GLASS ACT: Makers will cycle out their remaining 2019 stock and offer new designs at deep discounts at the Holiday Makers Sale, held at the Folk Art Center. Pictured, ornaments by Jeff McKinley, courtesy of The Southern Highland Craft Guild

• The homepage for the Uncommon Market has a counter ticking down time to the next vending event. “Asheville’s largest market for the old, the bold, the creative and unexpected is in its fifth season of gathering quality curators of antiques, vintage decor, art, jewelry and home furnishings,” boasts the website. Get in on the action at the WNC Agricultural Center, 761 Boylston Highway, Fletcher, on Saturday, Dec. 14, 9 a.m.-4 p.m., and Sunday, Dec. 15, 10 a.m.-4 p.m. $5 admission (good for both days)/free for kids. uncommonmarketasheville.com

• Members of the Transylvania County Handcrafters Guild “will offer handcrafted items for sale ranging from basketry, fiber art, weaving, enamelware, landscape painting, pottery, marionettes, jewelry and many other fine crafts, all suitable for unique Christmas gift,” says a flyer for the annual juried show. Just in case anyone missed it, because it’s buried in the list: marionettes. The show (at the Masonic Lodge, 174 E. Main St., Brevard), on Friday and Saturday, Dec. 13 and 14, 9 a.m.-5 p.m. is free and open to the public.

• “A gift for everyone on your list,” promises the website for the Show & Tell Holiday Pop-up Shop. The happening, which runs through Saturday, Dec. 21, at Asheville Social Hall, 81 Broadway, showcases “the best in local and indie craft, design, food and vintage goods,” from vendors such as The Inverse (accessories), Blossom and Blade (apparel), Randall Smith (visual art), Bella & Oliver Soap Co. (body care) and many more. Open daily 10 a.m.-8 p.m. avl.mx/6qg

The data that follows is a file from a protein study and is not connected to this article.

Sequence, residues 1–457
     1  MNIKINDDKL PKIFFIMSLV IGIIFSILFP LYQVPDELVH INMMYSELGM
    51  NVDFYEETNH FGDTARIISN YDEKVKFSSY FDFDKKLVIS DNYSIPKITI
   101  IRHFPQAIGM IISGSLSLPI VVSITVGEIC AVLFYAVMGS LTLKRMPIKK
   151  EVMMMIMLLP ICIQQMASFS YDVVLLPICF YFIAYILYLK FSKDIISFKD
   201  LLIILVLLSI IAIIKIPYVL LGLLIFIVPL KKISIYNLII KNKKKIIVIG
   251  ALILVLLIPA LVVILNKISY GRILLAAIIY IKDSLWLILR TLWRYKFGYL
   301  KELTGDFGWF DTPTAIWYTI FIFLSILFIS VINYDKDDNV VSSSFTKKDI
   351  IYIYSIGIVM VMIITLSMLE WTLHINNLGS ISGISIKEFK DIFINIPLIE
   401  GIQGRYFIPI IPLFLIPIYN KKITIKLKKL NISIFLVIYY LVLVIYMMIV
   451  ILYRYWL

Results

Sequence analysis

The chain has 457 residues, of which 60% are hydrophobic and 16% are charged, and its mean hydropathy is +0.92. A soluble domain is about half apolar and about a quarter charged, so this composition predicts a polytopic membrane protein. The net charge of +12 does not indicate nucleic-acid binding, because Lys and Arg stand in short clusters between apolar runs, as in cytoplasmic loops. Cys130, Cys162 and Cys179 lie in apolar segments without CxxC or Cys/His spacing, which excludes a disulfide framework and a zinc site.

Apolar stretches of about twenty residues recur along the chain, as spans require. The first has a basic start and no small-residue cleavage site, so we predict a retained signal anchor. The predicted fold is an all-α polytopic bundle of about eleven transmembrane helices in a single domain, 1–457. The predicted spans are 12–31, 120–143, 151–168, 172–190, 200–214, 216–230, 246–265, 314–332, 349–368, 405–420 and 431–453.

• Celebrate or share the great outdoors with crafts from Bullington Gardens’ annual Holiday Craft and Greenery Sale. This is the 15th annual event for the horticultural education center and public gardens, and offerings include “free-standing owls and snowmen, holiday gnomes and ornaments,” as reported by a press release, as well as “premium amaryllis, poinsettias, cyclamens and Christmas cactus plants” and freshly cut Fraser fir trees from the WNC mountains. 95 Upper Red Oak Trail, Hendersonville. Friday and Saturday, Dec. 6 and 7, 9 a.m.-4 p.m. bullingtongardens.org

• Riverview Station readies for its Holiday Open House showcasing more than 65 studios and galleries during a “Shop and Sip.” The free, family-friendly fete presents paintings, pottery, jewelry, mixed media, fiber art, photography and more, along with demonstrations, live music and refreshments. The open house seconds as a grand opening for new collaborative art space AVL Art Garden; other artists in Riverview Station also have special events planned. 191 Lyman St. Sunday, Dec. 15, noon-5 p.m. riverviewstation.com